Review Summary: A promising album that sets a high standard for forthcoming releases.
Staring Into Nothing are a progressive rock trio consisting of Steve Rogers on keyboards and shared lead vocal duties with guitarist Savannah Rogers, as well as Kurt Barabas on bass and guitar. Power
is the first album in a planned series of releases, the next of which – Love
– are currently being worked on by the band.
The sound on Power
bears similarities to many other modern prog rock acts but there is enough here to suggest that Staring Into Nothing could eventually become a major player in the scene. “Puritans” is a fitting opener, a slow piano ballad which turns into a groovy rock song before ending almost as a completely different track altogether. “School Daze” continues in a similar vein but is far more of a straightforward pop song than the album’s opener. The tracks work well alongside one another and begin the album on a satisfying note. However, a good portion of the album feels more like a straight-up rock album rather than a full on progressive rock opera. Really it isn’t until “Information Crime” that the band gets really progressive, a nine-minute opus that shifts mood and style multiple times. The band bring in elements of progressive metal and bring a more rocking sound overall to really up the album’s momentum. However, the following track goes even further and doubles up on the track time; at over 18 minutes long “Towers” is by far the most winding, progressive and interesting track on the record. Starting off with a slow ambient introduction, acoustic guitars and Savannah Rogers’ vocals, the song builds slowly and isn’t in any particular rush to reach its conclusion. There aren’t as many fireworks as there were in “Information Crime” but “Towers” is still a monolithic track that stands tall above all others on Power
While overall most of the album is pretty great, certain aspects of Staring Into Nothing’s sound do hold them back at times. The vocals are a bit of an acquired taste, but they do fit the music and overall vibe the group is going for. While at first they might seem grating, they are generally unproblematic. What is a bit more offensive though are the bad lyrics that pop up all over the record. Probably the best way to describe them is ‘clunky’; while there isn’t really anything vomit-inducingly bad, a whole lot of lines just stand out and feel really out of place and awkward. “Gates” does drop the “it’s time to kick some ass” lyric which is almost certainly the worst of the bunch and also highlights another minor flaw to the album - how cheesy a good portion of it can be. While prog rock is no stranger to cheese, Staring Into Nothing do sometimes venture into somewhat cringey territory. It’s a forgivable sin but it does sometimes take you out of the album a little.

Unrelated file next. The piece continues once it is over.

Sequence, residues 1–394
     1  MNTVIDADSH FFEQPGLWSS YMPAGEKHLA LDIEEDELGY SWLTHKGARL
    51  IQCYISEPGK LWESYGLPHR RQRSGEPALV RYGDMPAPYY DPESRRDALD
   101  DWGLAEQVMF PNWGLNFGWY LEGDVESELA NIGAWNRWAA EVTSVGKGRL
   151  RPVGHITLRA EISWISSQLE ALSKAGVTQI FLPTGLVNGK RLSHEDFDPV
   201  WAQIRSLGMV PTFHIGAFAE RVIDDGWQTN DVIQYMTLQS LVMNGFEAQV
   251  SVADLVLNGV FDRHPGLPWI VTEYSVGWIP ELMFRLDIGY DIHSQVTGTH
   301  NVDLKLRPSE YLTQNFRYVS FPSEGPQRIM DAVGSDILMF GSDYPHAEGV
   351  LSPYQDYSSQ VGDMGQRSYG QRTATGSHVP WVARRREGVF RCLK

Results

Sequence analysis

On the whole, though, there are really good songs at the hearts of these compositions. As mentioned earlier, most of the songs are just really good pop songs at their core and Staring Into Nothing excel at creating memorable melodies and big choruses. Songs like “Obey”, “Big Brother” and “Freedom” keep the album’s momentum flowing even when it should be stuttering, and it’s hard not to appreciate just how much thought must have gone into the sequencing of the record. And when the band do get more progressive on Power
’s longer tracks, they show that they are able to keep things interesting and change up moods quite seamlessly. The guitar solos are also always fantastic, bringing some much-needed impetus to a few tracks. They’re never too flashy or overlong and they don’t feel forced, always making them welcome additions to each track they appear on.
Staring Into Nothing are an incredibly promising group of musicians who should be setting their sights high with forthcoming releases. Power
is a dynamic record that should appeal to anyone with an interest in prog rock and even casual fans of the genre could find things here to love about it. If the band is able to refine their sound they have the potential to unleash a pretty monstrous series of albums upon the world; I can’t wait to see what they will do next.